The Triennale design museum is buzzing and the playful 'Temple in the Forest' pavilion at Palazzo Litta by artist Asif Khan has become one of the week's best places to relax as we head out on day four of Milan Design Week.
In the courtyard of the impressively Baroque Palazzo Litta (a building that dates back to Spanish rule in Milan) architecture studio Mosca Partners collaborated with artist Asif Khan to create the 'Temple in the Forest' pavilion, a temporary installation that has become the go-to place for a playful relax this week. Here hammocks made by master weavers are stretched between vertical, ochre-tinged wooden 'trunks' described by the artist as "a clearing in a forest and a place where encounters are fostered”. Foscarini also presented at Palazzo Litta, illuminating the building with the UTO lamps and the Twiggy Grid Outdoor range.
In a tribute to the late Luigi Caccia Dominioni, B&B Italia presented a collection of the legendary architect’s furniture inside the historic frescoed hall of Milan’s Umanitariain building. It is a move that highlights why Milan is the undisputed capital of architecture and design and how good the design industry is at the cross-generational exchange of knowledge.
In the day, Caccia Dominioni's furniture and interiors became known as the “Caccia style” and the architect played an important role in the development of Italy's industrial arts at the turn of the century.
His work is emblematic pf the rich history of Italian design and Gio Ponti once famously described his furniture designs as interpretting a space and expressing its personality. Now 60 years later, Luigi Caccia Dominioni is still turning heads and the collection has been one of the most talked about this year.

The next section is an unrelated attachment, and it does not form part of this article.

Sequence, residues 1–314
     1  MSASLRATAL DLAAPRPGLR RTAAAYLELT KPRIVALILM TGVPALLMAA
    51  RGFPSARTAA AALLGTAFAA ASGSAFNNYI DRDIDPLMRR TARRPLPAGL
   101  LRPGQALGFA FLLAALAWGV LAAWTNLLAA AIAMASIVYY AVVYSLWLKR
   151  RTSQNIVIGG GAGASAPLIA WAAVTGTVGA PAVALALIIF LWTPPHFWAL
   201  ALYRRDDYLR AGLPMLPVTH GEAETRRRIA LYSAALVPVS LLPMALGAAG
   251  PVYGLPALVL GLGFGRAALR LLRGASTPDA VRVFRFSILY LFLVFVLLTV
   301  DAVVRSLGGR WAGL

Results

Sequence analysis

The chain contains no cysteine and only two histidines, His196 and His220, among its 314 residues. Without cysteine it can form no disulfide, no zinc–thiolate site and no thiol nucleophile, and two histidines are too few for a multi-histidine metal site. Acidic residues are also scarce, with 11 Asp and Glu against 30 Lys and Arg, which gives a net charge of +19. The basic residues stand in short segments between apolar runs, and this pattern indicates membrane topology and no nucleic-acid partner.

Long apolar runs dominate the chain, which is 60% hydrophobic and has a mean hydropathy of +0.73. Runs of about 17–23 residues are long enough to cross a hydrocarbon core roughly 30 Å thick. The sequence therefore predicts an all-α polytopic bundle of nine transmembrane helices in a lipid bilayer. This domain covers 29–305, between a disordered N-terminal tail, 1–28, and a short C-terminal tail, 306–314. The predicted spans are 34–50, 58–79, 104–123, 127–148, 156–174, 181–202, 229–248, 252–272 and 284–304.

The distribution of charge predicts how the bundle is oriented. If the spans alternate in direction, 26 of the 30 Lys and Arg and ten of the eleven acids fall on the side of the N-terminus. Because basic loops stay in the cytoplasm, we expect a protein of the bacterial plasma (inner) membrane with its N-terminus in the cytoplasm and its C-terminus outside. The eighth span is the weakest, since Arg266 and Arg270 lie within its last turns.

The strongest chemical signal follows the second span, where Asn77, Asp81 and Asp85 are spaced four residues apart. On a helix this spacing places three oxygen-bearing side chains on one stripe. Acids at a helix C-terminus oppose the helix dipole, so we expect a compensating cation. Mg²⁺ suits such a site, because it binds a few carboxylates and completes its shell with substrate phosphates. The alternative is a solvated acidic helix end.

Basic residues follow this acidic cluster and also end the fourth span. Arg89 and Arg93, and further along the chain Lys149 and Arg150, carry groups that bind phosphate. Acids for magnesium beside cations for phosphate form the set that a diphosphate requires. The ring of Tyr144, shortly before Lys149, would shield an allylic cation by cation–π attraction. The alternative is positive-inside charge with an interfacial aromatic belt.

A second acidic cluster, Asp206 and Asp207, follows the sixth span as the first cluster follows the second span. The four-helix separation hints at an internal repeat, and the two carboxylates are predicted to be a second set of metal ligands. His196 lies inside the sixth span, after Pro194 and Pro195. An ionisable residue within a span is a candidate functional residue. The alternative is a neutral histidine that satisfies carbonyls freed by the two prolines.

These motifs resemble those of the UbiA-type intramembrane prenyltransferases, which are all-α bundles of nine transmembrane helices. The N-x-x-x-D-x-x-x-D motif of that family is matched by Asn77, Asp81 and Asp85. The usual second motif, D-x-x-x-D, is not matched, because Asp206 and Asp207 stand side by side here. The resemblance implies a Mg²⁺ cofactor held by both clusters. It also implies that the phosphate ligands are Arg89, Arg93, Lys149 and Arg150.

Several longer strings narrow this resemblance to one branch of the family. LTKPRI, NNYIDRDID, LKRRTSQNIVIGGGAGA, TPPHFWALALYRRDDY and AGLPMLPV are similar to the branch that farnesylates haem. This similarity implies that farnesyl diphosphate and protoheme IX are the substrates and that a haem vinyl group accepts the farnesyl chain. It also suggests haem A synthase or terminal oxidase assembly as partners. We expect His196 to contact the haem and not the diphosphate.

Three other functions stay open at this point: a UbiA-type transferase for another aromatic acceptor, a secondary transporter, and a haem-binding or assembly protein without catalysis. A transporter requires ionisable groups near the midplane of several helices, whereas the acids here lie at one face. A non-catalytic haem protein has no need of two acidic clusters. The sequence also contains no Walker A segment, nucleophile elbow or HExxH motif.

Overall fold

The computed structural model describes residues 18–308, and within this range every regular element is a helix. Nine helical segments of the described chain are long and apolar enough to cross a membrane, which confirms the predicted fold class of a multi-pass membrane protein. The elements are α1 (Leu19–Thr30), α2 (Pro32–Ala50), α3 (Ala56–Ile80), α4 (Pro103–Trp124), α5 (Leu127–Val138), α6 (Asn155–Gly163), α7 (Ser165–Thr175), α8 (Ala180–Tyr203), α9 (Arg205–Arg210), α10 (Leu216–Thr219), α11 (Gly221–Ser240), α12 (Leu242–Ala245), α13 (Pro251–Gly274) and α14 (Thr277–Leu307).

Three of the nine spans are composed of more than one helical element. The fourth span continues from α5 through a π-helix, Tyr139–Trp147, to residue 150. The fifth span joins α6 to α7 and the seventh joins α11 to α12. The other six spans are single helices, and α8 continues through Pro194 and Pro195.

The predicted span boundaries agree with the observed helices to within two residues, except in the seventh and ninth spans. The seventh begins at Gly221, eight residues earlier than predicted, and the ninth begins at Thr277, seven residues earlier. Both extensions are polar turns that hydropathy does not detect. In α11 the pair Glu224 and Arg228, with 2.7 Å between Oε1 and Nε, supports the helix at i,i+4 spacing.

Recognising the importance of the man, his work and the legacy of his design output, B&B Italia has signed an agreement to produce a collection of Caccia Dominioni's iconic pieces, including the very classic ABCD armchairs (pictured).
With two shows in Milan this year, Italian furniture brand Porro collaborated with designers Gabriele and Oscar Buratti, Serena Confalonieri, Gam Fratesi, Carlo Tamborini, and Piero Lissoni who also designed both installations.
It could be said that Porro has a Scandinavian approach to form and materials: clean lines and simple, raw materials are symbolic of each collection. That philosophy is then embedded with the Italian approach to detail: stitching each collection together like a well-tailroed suit.
Highlights from the newest collection include the Ryoba table by Piero Lissoni that pays homage to natural materials and the beauty of imperfection, combing a simple drawn brass tube frame with a table top in raw European cherry wood.
The Italian-Danish design group Gam Fratesi created the Kite sofa that feels very Scandinavian in approach in all its pared-back form and elegantly curved tubular structure. It is described by the designers as a "haute couture coat with a raised collar”. It’s also a classic and very Porro.
While Brothers Gabriele and Oscar Buratti designed the Jeff table with a solid chestnut surface that appears suspended on two metallic bases with an open half curve as thin as a piece of paper. It’s an interesting play between materials and the table is exquisitely made.
Our final destination is Gebrüder Thonet Vienna (GTV). Here classical materials and forms from the group's turn-of-the-centrury Austrian heritage are underpinned by new creative interpretations embracing the brand's artisanal workmanship and industrial production.
This contemporary refresh first gained attention with the collaboration of Swedish designers Front. This year GTV worked with the Italian-Danish design team Gam Fratesi (who had a very bus time in Milan this year) to produce the new Targa sofa that is both classic and contemporary and expands the GTV lounging range.
Other standouts include the Loie armchair designed by Chiara Andreatti and Cristina Celestino's Caryllon table series – side and dining tables in earthy reds, olives and natural timber. It is a range that is feminine and artful and introduces a wood-carving technique that goes back to traditional marquetry. It is that level of tradition – tweeked just so – that is alive and kicking at the shows this week.
more space will be back next week with a final wrap-up of Milan Design Week. All images by Space Furniture's photographer on the ground in Milan, Filippo Bamberghi, and supplied by GTV, B&B Italia and Porro.